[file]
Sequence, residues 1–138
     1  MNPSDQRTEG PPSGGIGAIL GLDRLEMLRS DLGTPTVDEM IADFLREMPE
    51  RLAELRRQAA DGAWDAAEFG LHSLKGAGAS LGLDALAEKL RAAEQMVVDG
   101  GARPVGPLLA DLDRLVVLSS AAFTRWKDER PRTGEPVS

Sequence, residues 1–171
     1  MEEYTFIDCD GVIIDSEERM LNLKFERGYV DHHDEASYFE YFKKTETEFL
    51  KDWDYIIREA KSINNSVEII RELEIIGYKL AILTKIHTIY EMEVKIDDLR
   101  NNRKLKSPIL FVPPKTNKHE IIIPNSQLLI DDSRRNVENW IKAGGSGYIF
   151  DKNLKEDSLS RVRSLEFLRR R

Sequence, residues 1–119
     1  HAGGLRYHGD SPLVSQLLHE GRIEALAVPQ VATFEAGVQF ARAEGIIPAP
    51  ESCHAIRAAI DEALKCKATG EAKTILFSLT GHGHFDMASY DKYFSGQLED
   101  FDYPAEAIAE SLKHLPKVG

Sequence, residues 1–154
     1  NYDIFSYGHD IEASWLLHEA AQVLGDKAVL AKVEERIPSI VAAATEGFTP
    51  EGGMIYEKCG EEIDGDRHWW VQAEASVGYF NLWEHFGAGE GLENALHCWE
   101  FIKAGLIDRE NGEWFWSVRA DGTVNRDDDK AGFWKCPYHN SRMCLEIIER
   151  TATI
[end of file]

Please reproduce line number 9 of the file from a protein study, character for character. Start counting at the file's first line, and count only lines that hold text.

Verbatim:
   151  DKNLKEDSLS RVRSLEFLRR R